Making a window flash when there are changes in the viewmodel sounds like an attached behavior to me. Here's a good read about attached behavior. http://www.codeproject.com/Articles/28959/Introduction-to-Attached-Behaviors-in-WPF

To make it easier, I'll try to give you a very simple example that will will somehow be relevant to your case.

Create an attached behavior class where you have an IEnumerable where in whenever you add something a messagebox will appear on the screen. Just change the messagebox code to whatever flashing animation you would like to do on notify.

public class FlashNotificationBehavior
{
    public static readonly DependencyProperty FlashNotificationsProperty =
        DependencyProperty.RegisterAttached(
        "FlashNotifications",
        typeof(IEnumerable),
        typeof(FlashNotificationBehavior),
        new UIPropertyMetadata(null, OnFlashNotificationsChange));

    private static void OnFlashNotificationsChange(DependencyObject d, DependencyPropertyChangedEventArgs e)
    {
        var collection = e.NewValue as INotifyCollectionChanged;

        collection.CollectionChanged += (sender, args) =>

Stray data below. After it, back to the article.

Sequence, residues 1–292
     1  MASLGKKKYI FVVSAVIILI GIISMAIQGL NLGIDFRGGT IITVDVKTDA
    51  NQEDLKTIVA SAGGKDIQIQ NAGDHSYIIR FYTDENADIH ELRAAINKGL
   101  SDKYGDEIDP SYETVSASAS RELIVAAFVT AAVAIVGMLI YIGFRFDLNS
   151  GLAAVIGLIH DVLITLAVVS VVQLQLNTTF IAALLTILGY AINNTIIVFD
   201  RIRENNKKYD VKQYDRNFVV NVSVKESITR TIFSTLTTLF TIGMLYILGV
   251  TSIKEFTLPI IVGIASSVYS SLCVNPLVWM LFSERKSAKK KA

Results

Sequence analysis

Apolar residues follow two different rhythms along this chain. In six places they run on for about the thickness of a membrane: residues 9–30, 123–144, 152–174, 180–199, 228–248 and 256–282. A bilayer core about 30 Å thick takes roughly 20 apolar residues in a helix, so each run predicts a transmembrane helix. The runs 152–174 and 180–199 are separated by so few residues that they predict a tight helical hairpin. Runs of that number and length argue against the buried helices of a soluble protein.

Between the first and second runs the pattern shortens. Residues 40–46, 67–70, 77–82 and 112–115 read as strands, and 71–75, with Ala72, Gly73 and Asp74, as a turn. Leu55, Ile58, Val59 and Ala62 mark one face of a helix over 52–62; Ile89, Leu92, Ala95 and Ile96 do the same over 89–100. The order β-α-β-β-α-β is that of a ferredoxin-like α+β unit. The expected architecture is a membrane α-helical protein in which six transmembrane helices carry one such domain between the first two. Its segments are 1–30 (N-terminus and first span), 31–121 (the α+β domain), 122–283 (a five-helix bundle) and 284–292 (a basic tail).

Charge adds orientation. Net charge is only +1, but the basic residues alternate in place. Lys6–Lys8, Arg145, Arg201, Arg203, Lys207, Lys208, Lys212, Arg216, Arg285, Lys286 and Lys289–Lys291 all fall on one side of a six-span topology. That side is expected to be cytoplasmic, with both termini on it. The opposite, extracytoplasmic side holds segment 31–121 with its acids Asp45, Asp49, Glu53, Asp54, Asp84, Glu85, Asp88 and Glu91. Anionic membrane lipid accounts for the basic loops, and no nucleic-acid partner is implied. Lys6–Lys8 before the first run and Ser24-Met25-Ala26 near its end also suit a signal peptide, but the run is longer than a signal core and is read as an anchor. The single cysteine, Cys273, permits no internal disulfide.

{
                if (args.Action == NotifyCollectionChangedAction.Add)
                {
                    foreach (var items in args.NewItems)
                        MessageBox.Show(items.ToString());
                }
            };            
    }

    public static IEnumerable GetFlashNotifications(DependencyObject d)
    {
        return (IEnumerable)d.GetValue(FlashNotificationsProperty);
    }

    public static void SetFlashNotifications(DependencyObject d, IEnumerable value)
    {
        d.SetValue(FlashNotificationsProperty, value);
    }
}

In your viewmodel, you can create an ObservableCollection property, you need an observable collection so there is a collection changed event notification. I also added a command for adding so that you can test it.

   public class MainViewModel : ViewModelBase
{
    ObservableCollection<string> notifications;